Saturday, December 25

Christmas 2021 - a complete set of Covid charts for Australia

At Christmas 2019 I was newly retired and completely unaware of the global pandemic that was already nascent in Wuhan China. The past two years have been a rough, roller-coaster ride. The shock of the initial cases and deaths. Victoria's second wave. The serendipity that flattening the curve managed to achieve the elimination of local transmission. A slower start to mass vaccination in Australia compared with other high income nations. The arrival of the more infectious Delta variant, which proved challenging in NSW and Victoria, and the resulting interstate travel restrictions. And in the past four weeks, the arrival of the even more infectious Omicron variant. Largely as a result of Omicron, 14 per cent of all Australian cases occurred in the past week.

So far, the case burden of COVID-19 has been felt the most in Victoria, followed by NSW.

Recent case growth with Omicron can be mapped in a few ways. Let's focus on NSW, as it has a longer Omicron growth trajectory. We are seeing daily new case numbers double every 4 days or so in NSW. The effective reproduction number is around 2 in NSW (every infected person infects two others on average).
There have been 2182 deaths in Australia from COVID-19. More than half of these deaths were in Victoria. While the total is a relatively small number by international comparison, it is not insignificant.

Where there has been some good news is in the death rates. Last year during Victoria's second wave we saw 4.3 deaths for every 100 diagnosed cases.

Currently, we are seeing 0.51 deaths per 100 cases in Victoria and 0.38 in NSW, a tenfold improvement on the Victorian second wave on 2020. This can be attributed to a number of factors including mass vaccination and better treatment regimes.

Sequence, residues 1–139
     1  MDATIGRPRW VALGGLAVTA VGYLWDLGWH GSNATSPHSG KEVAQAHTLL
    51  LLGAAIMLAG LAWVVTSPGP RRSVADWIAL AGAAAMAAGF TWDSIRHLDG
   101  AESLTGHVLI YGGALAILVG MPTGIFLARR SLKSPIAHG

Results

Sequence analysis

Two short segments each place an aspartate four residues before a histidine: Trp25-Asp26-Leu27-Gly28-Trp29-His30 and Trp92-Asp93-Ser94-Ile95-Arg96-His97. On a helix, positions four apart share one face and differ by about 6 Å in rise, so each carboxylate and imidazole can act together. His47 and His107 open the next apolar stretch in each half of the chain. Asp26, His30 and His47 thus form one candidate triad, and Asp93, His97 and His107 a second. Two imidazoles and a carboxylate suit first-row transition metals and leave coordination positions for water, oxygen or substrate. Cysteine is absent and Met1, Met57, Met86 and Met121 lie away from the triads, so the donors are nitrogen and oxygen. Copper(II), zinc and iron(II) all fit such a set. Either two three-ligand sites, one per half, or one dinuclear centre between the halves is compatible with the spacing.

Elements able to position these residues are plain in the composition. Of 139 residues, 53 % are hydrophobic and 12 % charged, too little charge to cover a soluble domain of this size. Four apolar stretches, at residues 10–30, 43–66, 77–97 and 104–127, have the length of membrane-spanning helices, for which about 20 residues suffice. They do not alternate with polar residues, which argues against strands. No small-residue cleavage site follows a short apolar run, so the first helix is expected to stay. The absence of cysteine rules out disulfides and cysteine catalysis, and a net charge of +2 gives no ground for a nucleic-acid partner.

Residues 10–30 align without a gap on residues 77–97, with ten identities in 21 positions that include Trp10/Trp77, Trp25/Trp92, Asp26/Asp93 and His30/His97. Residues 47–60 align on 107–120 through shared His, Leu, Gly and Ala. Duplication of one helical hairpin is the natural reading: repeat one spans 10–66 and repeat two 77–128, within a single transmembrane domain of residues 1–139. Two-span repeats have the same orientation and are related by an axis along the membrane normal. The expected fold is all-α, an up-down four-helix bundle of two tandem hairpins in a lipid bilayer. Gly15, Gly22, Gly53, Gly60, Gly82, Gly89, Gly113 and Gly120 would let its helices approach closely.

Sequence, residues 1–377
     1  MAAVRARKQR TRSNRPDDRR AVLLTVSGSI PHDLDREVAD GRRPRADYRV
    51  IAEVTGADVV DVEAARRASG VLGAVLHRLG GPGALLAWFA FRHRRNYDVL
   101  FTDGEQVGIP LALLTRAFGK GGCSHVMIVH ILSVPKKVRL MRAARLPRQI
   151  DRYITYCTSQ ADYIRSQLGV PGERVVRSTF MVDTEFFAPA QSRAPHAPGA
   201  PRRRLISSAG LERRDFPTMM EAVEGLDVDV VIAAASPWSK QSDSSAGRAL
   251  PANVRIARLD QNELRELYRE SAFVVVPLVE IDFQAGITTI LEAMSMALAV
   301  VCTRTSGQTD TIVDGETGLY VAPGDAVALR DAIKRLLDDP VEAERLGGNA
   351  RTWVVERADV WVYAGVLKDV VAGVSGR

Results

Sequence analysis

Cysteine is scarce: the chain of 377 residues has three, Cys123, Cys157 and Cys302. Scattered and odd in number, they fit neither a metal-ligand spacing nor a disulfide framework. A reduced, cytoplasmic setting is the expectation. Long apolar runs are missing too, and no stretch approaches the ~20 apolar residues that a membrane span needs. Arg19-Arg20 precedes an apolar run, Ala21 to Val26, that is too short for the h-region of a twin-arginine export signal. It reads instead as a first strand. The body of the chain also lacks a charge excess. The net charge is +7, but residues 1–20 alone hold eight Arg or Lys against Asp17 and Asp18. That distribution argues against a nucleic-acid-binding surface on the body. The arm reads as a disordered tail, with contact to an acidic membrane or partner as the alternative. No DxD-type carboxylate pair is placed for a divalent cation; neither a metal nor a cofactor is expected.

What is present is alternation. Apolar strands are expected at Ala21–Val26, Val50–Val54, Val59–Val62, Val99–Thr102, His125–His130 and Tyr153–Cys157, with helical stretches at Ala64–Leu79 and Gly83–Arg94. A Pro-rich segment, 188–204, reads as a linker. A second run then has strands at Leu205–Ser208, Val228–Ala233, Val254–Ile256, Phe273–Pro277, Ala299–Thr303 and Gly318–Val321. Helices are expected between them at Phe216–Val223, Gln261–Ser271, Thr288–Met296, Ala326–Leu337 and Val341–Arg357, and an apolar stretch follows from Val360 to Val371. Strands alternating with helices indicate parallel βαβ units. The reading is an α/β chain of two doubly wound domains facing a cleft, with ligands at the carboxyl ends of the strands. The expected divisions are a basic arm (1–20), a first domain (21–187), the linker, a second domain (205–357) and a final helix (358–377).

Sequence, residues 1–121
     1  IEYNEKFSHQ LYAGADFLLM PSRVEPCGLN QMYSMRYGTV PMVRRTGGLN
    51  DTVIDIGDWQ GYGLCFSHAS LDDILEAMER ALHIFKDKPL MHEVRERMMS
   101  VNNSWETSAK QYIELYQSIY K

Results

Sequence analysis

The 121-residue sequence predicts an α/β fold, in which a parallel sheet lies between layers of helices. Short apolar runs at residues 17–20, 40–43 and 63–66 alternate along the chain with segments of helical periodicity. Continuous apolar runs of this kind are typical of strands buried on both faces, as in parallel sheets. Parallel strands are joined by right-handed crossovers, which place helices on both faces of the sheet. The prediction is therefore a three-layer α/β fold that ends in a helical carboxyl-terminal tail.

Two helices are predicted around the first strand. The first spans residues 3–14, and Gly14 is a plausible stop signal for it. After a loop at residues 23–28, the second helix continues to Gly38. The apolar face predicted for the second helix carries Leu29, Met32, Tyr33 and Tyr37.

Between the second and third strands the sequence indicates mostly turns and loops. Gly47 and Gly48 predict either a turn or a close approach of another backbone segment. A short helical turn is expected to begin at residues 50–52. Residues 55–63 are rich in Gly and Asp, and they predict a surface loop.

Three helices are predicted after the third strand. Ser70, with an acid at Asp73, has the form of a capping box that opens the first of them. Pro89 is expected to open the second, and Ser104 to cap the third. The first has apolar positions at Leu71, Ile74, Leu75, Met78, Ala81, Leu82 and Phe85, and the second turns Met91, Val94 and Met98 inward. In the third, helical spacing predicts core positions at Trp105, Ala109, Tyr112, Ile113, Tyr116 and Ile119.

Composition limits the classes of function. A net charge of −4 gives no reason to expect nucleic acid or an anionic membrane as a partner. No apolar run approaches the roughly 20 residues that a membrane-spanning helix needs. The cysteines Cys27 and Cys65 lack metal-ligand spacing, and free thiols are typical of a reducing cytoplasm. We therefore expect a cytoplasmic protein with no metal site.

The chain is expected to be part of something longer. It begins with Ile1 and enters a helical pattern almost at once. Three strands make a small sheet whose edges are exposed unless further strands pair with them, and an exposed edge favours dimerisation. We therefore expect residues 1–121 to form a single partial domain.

A key policy concern with COVID is the capacity of the hospital system to cope with the peak demand. So far, all hospital systems have managed, albeit with some pressure during the Delta wave in the second half of 2021.

The present concern for hospital systems is the rapidly increasing case numbers associated with the Omicron variant. While the international evidence is that Omicron cases are less severe there are a couple of points of concern. The first is that the unvaccinated in Australia are unlikely to have any natural immunity. The second is that while Omicron might result in less severe disease, the volume of cases may still overwhelm the hospital system. The NSW data suggests that we are not seeing the same rate of hospitalisation (but there are a few caveats here). The picture should be much clearer by new year's day.

Another pressure from the emergent Omicron outbreak is on testing systems. We are seeing increased testing and positivity rates (noting that positivity rates may be impacted by the recent availability of rapid antigen tests).

Finally, let's look at vaccination rates. After a slow start, Australia is among the most vaccinated nations in the world.

As usual, the code for these charts is available on my GitHub site. I use as the data source for these charts.